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Researchers investigate the aging brain and peripheral vascular dysfunction

The aging brain and peripheral vascular dysfunction
Cerebrovascular dysfunction is an underlying feature of most major types of dementia. Credit: 2024 Wahl and Clayton.

A new review paper was published in Aging titled "Peripheral vascular dysfunction and the aging brain."

Aging is the greatest non-modifiable risk factor for most diseases, including cardiovascular diseases (CVD), which remain the leading cause of mortality worldwide. In their new review, researchers Devin Wahl and Zachary S. Clayton from Colorado State University and the University of Colorado note that robust evidence indicates that CVD are a strong determinant for reduced brain health and all-cause dementia with advancing age.

The researchers say, "CVD are also closely linked with peripheral and cerebral vascular dysfunction, common contributors to the development and progression of all types of dementia, that are largely driven by excessive levels of oxidative stress (e.g., reactive oxygen species [ROS])."

Emerging evidence suggests that several fundamental aging mechanisms (e.g., "hallmarks" of aging), including chronic low-grade inflammation, , and deregulated nutrient sensing contribute to excessive ROS production and are common to both peripheral and cerebral vascular dysfunction.

Credit: Impact Journals LLC

Therefore, targeting these mechanisms to reduce ROS-related oxidative stress and improve peripheral and/or cerebral vascular function may be a promising strategy to reduce dementia risk with aging. Investigating how certain lifestyle strategies (e.g., and diet modulation) and/or select pharmacological agents (natural and synthetic) intersect with aging "hallmarks" to promote peripheral and/or cerebral vascular health represent a viable option for reducing dementia risk with aging.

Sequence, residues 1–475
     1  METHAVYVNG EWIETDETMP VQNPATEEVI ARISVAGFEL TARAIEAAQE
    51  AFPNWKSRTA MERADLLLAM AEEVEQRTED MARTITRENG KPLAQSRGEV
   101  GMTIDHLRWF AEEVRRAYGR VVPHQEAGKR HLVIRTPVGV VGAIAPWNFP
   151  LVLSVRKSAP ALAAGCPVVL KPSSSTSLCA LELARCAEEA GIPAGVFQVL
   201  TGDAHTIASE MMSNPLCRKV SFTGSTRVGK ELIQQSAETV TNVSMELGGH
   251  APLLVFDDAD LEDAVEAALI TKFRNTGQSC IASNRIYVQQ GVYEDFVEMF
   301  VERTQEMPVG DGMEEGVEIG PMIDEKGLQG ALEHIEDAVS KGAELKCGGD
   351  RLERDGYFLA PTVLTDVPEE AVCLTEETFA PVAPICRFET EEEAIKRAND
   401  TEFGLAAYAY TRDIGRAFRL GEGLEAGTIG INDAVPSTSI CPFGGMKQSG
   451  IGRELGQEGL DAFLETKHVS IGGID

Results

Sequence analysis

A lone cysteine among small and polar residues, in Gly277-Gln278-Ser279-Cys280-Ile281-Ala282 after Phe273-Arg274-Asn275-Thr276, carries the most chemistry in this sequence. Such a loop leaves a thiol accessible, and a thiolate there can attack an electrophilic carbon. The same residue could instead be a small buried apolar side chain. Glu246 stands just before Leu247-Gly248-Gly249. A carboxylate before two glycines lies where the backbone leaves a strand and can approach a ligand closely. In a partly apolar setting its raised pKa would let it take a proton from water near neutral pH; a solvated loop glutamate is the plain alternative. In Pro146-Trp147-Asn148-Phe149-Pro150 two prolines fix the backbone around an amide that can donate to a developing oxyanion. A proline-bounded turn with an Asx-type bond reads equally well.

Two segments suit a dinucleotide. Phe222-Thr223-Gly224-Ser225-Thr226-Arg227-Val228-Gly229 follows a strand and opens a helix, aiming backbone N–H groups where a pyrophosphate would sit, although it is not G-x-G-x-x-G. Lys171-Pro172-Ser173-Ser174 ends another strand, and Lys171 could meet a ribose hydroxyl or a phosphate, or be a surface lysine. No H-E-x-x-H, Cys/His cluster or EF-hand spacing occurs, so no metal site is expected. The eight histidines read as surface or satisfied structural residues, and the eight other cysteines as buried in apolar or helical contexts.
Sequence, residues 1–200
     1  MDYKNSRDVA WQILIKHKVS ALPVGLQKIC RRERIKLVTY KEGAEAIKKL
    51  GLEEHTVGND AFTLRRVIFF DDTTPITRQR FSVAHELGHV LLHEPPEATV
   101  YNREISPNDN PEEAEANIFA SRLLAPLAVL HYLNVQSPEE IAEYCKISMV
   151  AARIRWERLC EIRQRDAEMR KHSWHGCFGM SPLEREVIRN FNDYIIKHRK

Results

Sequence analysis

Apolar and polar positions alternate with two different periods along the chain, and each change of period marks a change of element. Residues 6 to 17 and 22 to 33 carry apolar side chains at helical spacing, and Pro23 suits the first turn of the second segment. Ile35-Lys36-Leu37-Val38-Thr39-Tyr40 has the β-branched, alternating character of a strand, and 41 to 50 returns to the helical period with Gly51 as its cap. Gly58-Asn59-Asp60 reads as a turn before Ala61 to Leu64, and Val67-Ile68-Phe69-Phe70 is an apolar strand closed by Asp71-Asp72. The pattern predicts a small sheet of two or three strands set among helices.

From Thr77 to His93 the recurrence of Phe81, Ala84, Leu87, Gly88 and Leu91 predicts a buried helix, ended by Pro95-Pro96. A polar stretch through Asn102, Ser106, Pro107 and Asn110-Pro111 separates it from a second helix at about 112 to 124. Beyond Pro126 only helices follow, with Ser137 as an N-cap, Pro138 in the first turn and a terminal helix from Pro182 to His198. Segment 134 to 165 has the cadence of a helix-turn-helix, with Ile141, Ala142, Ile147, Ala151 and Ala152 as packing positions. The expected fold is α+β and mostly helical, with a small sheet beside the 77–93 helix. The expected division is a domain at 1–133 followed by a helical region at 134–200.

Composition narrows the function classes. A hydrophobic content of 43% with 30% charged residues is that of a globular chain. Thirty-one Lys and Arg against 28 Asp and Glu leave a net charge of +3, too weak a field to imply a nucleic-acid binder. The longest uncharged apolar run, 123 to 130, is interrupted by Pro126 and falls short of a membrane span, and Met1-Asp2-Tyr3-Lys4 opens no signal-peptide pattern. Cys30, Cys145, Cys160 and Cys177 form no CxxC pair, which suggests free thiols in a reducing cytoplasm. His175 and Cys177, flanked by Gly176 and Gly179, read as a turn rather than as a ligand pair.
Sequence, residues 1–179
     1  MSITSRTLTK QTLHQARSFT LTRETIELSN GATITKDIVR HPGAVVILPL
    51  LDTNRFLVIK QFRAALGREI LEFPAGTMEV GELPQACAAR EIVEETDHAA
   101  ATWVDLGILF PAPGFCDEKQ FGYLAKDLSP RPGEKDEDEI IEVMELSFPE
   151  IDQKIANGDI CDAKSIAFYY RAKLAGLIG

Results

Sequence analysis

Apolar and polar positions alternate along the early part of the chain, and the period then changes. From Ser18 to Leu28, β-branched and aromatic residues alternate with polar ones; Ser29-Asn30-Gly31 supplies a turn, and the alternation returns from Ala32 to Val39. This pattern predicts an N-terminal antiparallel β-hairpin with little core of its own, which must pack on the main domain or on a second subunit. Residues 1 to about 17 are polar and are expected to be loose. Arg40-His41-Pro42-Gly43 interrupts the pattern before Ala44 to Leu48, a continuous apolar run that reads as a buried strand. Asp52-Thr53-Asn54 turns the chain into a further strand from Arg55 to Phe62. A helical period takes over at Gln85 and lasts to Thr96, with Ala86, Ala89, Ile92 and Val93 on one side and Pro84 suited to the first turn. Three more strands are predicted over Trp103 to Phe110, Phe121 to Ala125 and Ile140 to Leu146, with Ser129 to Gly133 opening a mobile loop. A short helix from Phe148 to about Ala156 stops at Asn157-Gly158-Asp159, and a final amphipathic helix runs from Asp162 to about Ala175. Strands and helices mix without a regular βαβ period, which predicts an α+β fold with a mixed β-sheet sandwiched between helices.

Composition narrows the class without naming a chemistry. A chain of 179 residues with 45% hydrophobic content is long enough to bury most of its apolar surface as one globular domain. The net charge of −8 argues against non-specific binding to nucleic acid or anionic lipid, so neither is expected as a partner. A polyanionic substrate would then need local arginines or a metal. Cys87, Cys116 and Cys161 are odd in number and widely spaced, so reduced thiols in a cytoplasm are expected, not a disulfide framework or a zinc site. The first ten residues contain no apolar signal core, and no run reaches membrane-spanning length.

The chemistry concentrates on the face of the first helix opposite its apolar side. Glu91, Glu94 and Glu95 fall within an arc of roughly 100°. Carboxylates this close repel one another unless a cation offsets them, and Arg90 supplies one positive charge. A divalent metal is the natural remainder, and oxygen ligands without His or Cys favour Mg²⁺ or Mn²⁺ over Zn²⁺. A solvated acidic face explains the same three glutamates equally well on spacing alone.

The authors add, "Therefore, the primary purpose of this review is to explore mechanistic links among peripheral vascular dysfunction, cerebral vascular dysfunction, and reduced with aging. Such insight and assessments of non-invasive measures of peripheral and cerebral vascular health with aging might provide a new approach for assessing dementia risk in older adults."

More information: Devin Wahl et al, Peripheral vascular dysfunction and the aging brain, Aging (2024). DOI: 10.18632/aging.205877

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Citation: Researchers investigate the aging brain and peripheral vascular dysfunction (2024, June 12) retrieved 24 July 2024 from
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